The dilemma

How do you know your commissions are correct?

When you receive a commission check for $6,000...
...should it be $5k?
...should it be $8k?
You don't know
You have to blindly trust that it's correct.

Do you check your commissions?

If you do check
You shouldn't have to
spend the time
It's great that you check! But you shouldn't have to. Your time is better spent chasing your next deal, helping customers, and enjoying time with family. None of it should be spent in a spreadsheet, while you try and fix something your accounting department should've gotten right in the first place.
If you don't check
You are likely
losing money
Commission errors are not uncommon, impacting your paycheck, commission escaltors, bonuses, and award trips. If you don't check, you are relying on your employer to get it right every time.

Comp plans are complicated

Commission errors are largely due to the ever-increasing complexity in compensation plans. Incentive structure complexity has accelerated as fast as the internet, with more lines of business and subcategories. Manually tracking performance and auditing for commission errors has become nearly impossible.

Employee Relations

Lack of transparency in commission pay results in stress and anxiety for the salesperson. They know that mistakes are likely occurring, yet they can do nothing about it. If the salesperson raises this issue to anyone, they are seen as greedy and selfish. This creates tension between reps and management that ultimately causes mental strain. When reps feel this way, sales teams struggle to retain top talent.

Examples of commission errors

Misclassified Deal

Deal was classified in the wrong category, resulting in a lower commission rate. For example, a salesperson had a large customer that was coming off a 3 year, $1 million managed service contract for help desk support. The customer informed the company that they were not renewing the arrangement and were moving forward in a different direction. After several months of hard work, the salesperson was able to sell a new contract to the existing customer, with new terms, new services and a reduction in scope.

Inherited Account

A new salesperson joins a company and inherits several existing "house" accounts that previously belonged to a former salesperson who left the company. Several months into the new person's tenure, there are additional costs, product returns, and a reduction in the scope of the original engagement that the previous salesperson sold. The employer attempted to charge back to the new salesperson the credits associated with the earnings from the previous salesperson.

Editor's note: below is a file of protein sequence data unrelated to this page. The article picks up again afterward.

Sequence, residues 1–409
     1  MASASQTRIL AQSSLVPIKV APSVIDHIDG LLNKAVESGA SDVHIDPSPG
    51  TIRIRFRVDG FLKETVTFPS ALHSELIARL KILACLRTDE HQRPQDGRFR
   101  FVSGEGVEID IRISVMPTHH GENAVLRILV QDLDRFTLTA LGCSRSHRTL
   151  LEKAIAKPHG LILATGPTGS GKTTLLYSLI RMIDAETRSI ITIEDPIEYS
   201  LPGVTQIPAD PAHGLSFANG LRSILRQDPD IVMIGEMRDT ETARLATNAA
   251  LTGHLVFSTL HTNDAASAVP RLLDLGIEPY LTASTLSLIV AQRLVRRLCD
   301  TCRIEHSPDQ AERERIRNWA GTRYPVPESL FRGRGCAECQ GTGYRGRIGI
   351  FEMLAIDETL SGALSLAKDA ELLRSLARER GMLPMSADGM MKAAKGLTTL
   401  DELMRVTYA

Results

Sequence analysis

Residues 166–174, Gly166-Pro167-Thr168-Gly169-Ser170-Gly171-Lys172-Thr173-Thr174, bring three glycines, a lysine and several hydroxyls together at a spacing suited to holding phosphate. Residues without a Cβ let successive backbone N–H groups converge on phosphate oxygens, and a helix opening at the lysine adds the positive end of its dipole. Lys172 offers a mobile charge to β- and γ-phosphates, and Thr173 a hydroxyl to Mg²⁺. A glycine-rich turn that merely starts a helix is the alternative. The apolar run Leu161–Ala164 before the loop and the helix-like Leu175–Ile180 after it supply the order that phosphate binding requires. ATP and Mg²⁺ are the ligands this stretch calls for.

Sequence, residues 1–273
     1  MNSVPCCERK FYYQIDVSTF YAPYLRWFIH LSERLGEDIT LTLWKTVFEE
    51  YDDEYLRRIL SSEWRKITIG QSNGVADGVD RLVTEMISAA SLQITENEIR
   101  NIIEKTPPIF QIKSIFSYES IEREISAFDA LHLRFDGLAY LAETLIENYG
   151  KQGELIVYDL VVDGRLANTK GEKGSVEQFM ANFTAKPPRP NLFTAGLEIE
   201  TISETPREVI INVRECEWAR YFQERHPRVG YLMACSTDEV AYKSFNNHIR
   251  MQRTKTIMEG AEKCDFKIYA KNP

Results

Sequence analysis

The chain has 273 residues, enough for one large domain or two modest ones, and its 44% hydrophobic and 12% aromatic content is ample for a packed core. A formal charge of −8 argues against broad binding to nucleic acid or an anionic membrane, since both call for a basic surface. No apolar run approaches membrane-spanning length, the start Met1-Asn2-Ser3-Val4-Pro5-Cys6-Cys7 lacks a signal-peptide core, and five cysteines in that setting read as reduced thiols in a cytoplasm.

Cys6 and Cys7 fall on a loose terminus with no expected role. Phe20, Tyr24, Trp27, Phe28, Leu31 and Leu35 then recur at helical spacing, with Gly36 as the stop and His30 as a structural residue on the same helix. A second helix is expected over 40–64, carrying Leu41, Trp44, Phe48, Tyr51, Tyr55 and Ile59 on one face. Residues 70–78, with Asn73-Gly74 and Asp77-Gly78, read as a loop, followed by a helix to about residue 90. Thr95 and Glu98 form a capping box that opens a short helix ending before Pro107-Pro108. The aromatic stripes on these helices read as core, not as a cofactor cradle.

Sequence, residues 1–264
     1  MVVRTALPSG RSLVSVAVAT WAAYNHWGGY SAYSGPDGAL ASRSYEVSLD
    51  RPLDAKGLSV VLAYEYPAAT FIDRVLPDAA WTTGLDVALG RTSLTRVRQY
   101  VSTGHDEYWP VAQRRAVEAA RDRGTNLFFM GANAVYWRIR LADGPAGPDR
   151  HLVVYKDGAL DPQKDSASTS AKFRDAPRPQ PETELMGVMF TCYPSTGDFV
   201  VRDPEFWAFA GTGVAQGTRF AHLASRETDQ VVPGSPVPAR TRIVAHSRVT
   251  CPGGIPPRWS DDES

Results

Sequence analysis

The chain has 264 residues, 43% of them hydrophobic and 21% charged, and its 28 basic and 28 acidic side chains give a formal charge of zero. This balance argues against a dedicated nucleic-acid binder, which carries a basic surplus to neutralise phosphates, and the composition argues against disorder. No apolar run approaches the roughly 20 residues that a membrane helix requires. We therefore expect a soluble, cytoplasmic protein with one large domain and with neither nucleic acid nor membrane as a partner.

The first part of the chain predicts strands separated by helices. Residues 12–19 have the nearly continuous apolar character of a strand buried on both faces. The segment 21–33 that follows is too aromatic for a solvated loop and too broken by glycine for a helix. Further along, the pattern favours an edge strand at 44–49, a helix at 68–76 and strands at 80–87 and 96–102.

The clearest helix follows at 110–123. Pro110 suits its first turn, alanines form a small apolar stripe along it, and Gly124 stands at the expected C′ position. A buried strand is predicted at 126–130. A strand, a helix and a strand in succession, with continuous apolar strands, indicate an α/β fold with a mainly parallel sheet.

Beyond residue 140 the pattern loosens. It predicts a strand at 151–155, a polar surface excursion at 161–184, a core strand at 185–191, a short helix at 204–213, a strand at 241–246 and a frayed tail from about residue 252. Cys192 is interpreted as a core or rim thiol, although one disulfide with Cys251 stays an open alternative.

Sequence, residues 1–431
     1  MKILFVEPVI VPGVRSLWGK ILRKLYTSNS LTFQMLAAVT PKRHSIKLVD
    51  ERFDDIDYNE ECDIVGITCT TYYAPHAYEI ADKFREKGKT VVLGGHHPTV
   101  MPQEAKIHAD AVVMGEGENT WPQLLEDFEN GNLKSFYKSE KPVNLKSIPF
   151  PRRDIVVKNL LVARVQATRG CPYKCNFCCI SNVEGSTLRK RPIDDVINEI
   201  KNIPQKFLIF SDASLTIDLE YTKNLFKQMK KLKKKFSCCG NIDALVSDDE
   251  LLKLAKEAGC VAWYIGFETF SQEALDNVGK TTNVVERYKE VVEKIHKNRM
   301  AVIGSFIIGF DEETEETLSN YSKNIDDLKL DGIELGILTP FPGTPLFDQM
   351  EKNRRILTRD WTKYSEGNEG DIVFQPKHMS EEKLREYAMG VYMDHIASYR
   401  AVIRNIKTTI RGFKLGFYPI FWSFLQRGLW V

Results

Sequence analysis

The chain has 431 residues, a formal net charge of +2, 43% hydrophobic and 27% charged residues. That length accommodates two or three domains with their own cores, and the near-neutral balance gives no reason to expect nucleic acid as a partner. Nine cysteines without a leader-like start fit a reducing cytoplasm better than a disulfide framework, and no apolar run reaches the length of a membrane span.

Deal Split

On occasion a sales manager will decide to split the commission on a new customer deal between two sales people, but have one salesperson own the account moving forward and receive full YTD quota credit for the deal.

Customer never invoiced

Accounting department mistakenly didn't invoice the customer, so no commission was paid. This kind of error is not uncommon, especially when inter-departmental communication is required to successfully complete the deal lifecycle. Whether you are paid on invoicing or paid on revenue, these kinds of errors can negatively impact earnings.


Sometimes there are errors made by the salesperson's support team in configuring a quote, missing cables, omissions, wrong pricing, etc., and at times after the deal has been booked, these additional costs are tacked on the salespersons deal and reduces gross profit and commissions, often without the salesperson's knowledge or approval.

Vendor Rebates or Spiffs

Vendors will offer rebates paid after the deal closes on specific products. This allows the salesperson to be more aggressive on pricing knowing that there will be rebate dollars coming after the deal to make up for it. If a salesperson does not track it, a company can overlook it at times and not allocate it back to the salesperson.

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